Clatsop County is looking to move the public works facility in Astoria out of the tsunami inundation zone.
The county commission approved a request Wednesday to hire consultants to do property appraisals and environmental reviews for two possible sites, both inland and south of the Columbia River, that would better serve the southern portions of the county.
Moving public works operations to safer ground has been a priority in the county’s strategic plan since 2012. The Astoria facility, which sits between 10 and 15 feet above sea level on Olney Avenue, is more than 100 years old. In addition to needed upgrades, reports showing the area is at risk for flooding, landslides and, most notably, tsunami inundation, have prompted the department to look for new locations.
Having equipment available to clear and repair roads has been identified as a critical part of transporting supplies and rebuilding after a disaster.
“By moving facilities on the other side of these rivers, maintenance and restoring of these areas can be done better by our crews,” said Ted Mclean, the county’s interim public works director.
Over the past year, public works staff researched several sites that are centrally located, out of the inundation zone and with room to grow.
The Warrenton Fiber sort yard, a 37-acre parcel about 7 miles south of Astoria, meets all of those needs, Mclean said, and has the benefit of already being an industrial site. The biggest advantage, however, is its central location and proximity to the Lewis and Clark Mainline, a logging road that runs from Warrenton to Seaside that the county is also evaluating to possibly purchase.
The goal would be to retrofit the road to make it seismically sound so crews could use it to get to other roads that need clearing after a disaster. It could also serve as an evacuation route for coastal communities and relieve traffic pressure off other surviving roads and bridges.
“A resilient transportation network is critical for re-establishing other lifelines, such as water, electricity, fuel, communication and natural gas after the earthquake,” Mclean wrote in a report.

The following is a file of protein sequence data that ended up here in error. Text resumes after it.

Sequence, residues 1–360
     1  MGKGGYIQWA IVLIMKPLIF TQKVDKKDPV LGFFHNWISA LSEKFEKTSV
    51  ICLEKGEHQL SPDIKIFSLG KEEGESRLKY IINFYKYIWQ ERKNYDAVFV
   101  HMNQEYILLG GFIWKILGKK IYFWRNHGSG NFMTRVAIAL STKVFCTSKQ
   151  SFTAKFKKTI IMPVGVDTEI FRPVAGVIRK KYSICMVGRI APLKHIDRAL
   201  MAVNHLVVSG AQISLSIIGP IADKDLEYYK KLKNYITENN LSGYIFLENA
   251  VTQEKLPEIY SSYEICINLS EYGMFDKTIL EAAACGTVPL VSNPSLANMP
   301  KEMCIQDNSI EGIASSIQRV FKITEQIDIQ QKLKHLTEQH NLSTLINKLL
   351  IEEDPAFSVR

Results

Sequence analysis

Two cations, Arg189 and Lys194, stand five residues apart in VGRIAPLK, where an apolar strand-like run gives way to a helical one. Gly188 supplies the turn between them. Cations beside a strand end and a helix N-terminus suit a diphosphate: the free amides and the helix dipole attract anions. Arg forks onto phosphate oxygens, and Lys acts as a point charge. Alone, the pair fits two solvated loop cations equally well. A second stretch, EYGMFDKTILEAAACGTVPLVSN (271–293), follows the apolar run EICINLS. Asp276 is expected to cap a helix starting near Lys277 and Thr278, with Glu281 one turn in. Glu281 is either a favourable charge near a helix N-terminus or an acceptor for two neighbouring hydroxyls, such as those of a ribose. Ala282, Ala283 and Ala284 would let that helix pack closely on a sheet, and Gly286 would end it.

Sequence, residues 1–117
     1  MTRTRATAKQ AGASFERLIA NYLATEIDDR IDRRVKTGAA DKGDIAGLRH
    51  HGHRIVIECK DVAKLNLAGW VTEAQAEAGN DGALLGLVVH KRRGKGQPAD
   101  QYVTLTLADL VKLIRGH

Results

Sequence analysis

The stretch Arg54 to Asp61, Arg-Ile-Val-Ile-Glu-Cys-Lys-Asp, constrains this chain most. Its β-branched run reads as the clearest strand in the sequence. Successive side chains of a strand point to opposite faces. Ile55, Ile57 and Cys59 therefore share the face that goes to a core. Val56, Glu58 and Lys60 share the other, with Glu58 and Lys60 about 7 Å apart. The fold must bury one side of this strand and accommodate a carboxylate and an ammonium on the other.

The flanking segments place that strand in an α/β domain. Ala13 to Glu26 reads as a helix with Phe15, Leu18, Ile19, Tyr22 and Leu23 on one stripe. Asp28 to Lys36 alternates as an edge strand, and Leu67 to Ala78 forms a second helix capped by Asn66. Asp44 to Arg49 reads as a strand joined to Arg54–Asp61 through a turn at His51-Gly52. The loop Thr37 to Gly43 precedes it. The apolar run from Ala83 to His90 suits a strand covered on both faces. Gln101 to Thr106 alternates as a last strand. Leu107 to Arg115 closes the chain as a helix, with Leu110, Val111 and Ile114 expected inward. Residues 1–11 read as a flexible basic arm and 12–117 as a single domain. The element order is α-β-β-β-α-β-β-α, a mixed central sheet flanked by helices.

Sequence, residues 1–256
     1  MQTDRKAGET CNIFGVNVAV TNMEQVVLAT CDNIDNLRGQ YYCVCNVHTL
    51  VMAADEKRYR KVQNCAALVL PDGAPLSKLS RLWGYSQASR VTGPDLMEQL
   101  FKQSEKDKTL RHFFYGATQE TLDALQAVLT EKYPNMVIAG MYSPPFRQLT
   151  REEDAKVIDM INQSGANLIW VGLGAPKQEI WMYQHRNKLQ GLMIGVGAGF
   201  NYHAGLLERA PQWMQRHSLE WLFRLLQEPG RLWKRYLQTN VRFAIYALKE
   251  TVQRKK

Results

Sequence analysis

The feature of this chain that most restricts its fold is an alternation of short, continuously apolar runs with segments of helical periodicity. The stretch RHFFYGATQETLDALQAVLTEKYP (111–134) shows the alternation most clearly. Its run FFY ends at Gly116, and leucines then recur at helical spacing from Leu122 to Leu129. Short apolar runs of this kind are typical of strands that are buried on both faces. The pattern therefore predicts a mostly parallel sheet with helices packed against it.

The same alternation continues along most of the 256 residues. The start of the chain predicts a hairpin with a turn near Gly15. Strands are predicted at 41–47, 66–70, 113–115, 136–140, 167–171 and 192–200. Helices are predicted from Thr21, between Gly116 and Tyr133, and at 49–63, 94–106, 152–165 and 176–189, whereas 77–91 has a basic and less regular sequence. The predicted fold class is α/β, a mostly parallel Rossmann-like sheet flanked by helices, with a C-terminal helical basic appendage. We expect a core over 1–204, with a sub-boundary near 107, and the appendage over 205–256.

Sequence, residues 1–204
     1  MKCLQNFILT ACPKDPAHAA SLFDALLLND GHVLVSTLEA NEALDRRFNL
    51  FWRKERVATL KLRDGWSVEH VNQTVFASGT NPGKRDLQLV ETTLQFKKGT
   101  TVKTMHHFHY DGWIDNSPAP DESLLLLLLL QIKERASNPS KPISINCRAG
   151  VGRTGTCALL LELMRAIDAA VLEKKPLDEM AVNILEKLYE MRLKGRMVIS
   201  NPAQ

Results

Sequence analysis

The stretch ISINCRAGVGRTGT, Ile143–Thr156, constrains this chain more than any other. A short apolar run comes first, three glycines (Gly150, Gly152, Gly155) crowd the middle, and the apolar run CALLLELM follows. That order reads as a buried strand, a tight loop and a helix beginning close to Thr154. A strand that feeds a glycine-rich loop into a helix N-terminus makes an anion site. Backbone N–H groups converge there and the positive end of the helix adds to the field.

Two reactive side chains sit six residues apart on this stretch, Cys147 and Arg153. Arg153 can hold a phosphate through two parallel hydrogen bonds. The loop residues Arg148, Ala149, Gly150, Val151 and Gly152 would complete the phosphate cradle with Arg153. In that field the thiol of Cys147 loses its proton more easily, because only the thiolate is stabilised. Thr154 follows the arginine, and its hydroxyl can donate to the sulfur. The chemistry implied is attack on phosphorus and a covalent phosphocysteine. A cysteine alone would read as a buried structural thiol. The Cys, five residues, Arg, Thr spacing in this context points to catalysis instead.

The county is also exploring a site known as Crown Camp, which most recently served as the company offices for Greenwood Resources, off Lewis and Clark Road near Seaside. The site includes existing industrial infrastructure, like utilities and a maintenance shop, and at 30 acres, could provide enough space for road material storage and a staging area for equipment.
Though public works believes the site is not centrally located enough to serve as a main public works facility, Mclean said it is ideal for expanding public works resources to South County. The site also would allow the department to store equipment in multiple places in case access to one is blocked, and has the potential to serve as a South County emergency operations center.
“Logistically, we wanted to move our facility so we could better serve the residences in coastal communities of South County,” Mclean said. “The biggest thing we don’t want to do logistically for our road department is to put all our equipment in one spot.”
In general, county commissioners were enthusiastic about the proposal.
“I wish we would have done this 10 years ago,” County Commissioner Kathleen Sullivan said.
Potential barriers do remain. Because both sites are zoned for forestry, and public works facilities are not permitted outright in the zone, each would require a goal exception from the state. The Public Works Department has been building a reserve for the project for years, but whether the county will be able to afford the properties remains to be seen.
Tiffany Brown, the county’s emergency manager, cautioned commissioners that more conversation needed to happen before assuming either of these locations could be a default emergency operation center or evacuation site. Overall, though, Brown was supportive of the idea of getting key services out of the inundation zone.
“There’s so much energy for emergency preparedness right now,” Brown said. “There’s momentum, and this project is an exciting piece of that.”